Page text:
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West Virginia stands on the verge of an expected new boom in the oil and natural gas industry that could bring much-needed economic development to the state.
The West Virginia Farm Bureau welcomes that development, as long as it does not come at the expense of private property rights.
However, we worry that some legislators seem to believe the only way to provide for West Virginia’s future is by allowing oil and gas developers to take private property rights unfettered. In other words, they would give away the farm while pumping out millions, if not billions, of dollars to out-of-state corporations.
The Farm Bureau believes that West Virginia law should protect the private property rights of mineral owners, farmers and rural residents while also providing oil and gas companies with a reasonable platform to succeed.
That can be done, even though the lawyers and lobbyists hired by oil and gas companies for years have flooded the Capitol to tell legislators that West Virginia has “bad” laws and business climate.
To the contrary, a study released recently by the Fraser Institute says otherwise. It’s based on data from more than 300 petroleum industry executives and managers and ranks West Virginia No. 5 in overall investment business climate for oil and gas development in the entire world. That study ranks Pennsylvania No. 32 and Ohio No. 54.
During its 2018 session, the West Virginia Legislature can protect that high ranking and build on it by passing balanced legislation. That legislation would protect private property rights, modernize lease opportunities and fix unfair and oppressive practices, such as deductions for post-production expenses.
In the early 1990s, West Virginia legislators recognized that some of the oil and gas companies’ practices were an impediment to development. They put into place West Virginia Code 22-6-8(2) to address problems with flat rate lease practices. As that code states, “wholly inadequate compensation is unfair, oppressive, and works an unjust hardship on the owners of the oil and gas in place, and unreasonably deprives the economy of the State of West Virginia of the just benefit of the natural wealth of this state.”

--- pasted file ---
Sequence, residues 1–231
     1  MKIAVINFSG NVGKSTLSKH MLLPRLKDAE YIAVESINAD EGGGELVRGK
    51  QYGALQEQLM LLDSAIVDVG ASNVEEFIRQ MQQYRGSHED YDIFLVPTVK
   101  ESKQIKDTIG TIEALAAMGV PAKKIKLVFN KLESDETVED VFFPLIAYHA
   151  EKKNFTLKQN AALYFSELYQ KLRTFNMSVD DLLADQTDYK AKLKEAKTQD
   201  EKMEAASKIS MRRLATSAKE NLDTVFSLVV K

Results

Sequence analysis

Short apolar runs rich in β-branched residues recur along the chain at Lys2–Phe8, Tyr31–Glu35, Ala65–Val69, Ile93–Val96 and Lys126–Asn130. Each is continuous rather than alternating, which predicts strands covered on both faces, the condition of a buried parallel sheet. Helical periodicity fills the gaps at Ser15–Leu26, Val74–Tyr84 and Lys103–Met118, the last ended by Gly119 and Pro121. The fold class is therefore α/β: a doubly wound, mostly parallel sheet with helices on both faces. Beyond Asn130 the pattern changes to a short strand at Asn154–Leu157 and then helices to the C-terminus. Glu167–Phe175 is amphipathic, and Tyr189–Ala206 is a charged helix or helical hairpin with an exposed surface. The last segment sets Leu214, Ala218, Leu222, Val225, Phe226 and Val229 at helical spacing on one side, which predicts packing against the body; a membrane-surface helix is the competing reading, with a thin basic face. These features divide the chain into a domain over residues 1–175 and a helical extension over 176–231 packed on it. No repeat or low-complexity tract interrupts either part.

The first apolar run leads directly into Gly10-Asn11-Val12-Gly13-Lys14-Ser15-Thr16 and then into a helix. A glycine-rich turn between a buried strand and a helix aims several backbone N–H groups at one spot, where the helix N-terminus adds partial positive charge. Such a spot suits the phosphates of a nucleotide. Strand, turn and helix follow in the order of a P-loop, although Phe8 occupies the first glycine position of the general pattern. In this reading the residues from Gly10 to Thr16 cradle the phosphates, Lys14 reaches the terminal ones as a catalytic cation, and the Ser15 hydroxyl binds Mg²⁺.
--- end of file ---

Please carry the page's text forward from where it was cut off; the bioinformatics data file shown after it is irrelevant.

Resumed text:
What made sense then still makes sense now. Nevertheless, in the past two legislative sessions, a number of industry-written bills, such as last year’s Senate Bill 576, came up that would have subsidized corporate interests by taking wealth from mineral owners and landowners.
Instead of such unfair and oppressive legislation, the Farm Bureau urges Gov. Jim Justice and legislators to pass responsible legislation. That legislation should:
Update co-tenancy laws, including due process for minority co-tenants with protection for farmers and surface owners.
Address “at the well head” language to fix the post-production expense issue.
Provide for modernization of old leases due to horizontal drilling technology. Old leases put into place in the late 1800s and early 1900s had no vision of current modern drilling practices.
In addressing the old flat rate lease issue, past legislators stated in West Virginia Code 22-6-8(3) that many leases “have been in existence for a great many years and were entered into at a time when the techniques by which oil/gas are currently extracted, produced, or marketed, were not known or contemplated by the parties.” This statement still rings true in 2018.
Many West Virginians regret that the state did not pass balanced and fair laws governing coal mining when that industry was in its heyday. Many out-of-state coal interests made a lot of money at the expense of West Virginians’ welfare and the environment.
Let’s not make the same mistake with the oil and gas industry. What we do with this issue will be a generational decision that will affect our state for years.
The oil and gas industry should not be promoted on the backs of property owners, farmers, mineral owners and all other citizens of West Virginia. We strongly support reasonable oil and gas development to help provide West Virginians with jobs and other opportunities.
Another recent study, known as the McKinsey Report, identifies agriculture as an existing industry that West Virginia should maintain and support.
We agree. Let’s take some of the gas severance tax money and invest in the agriculture and forestry enterprises. These land-based businesses generate almost $4 billion in economic activity annually.
The West Virginia Farm Bureau wants to help move West Virginia forward, but we cannot support giving away the farm to enrich the few.
Dwayne O’Dell is a farmer from Roane County and director of Governmental Affairs for the West Virginia Farm Bureau.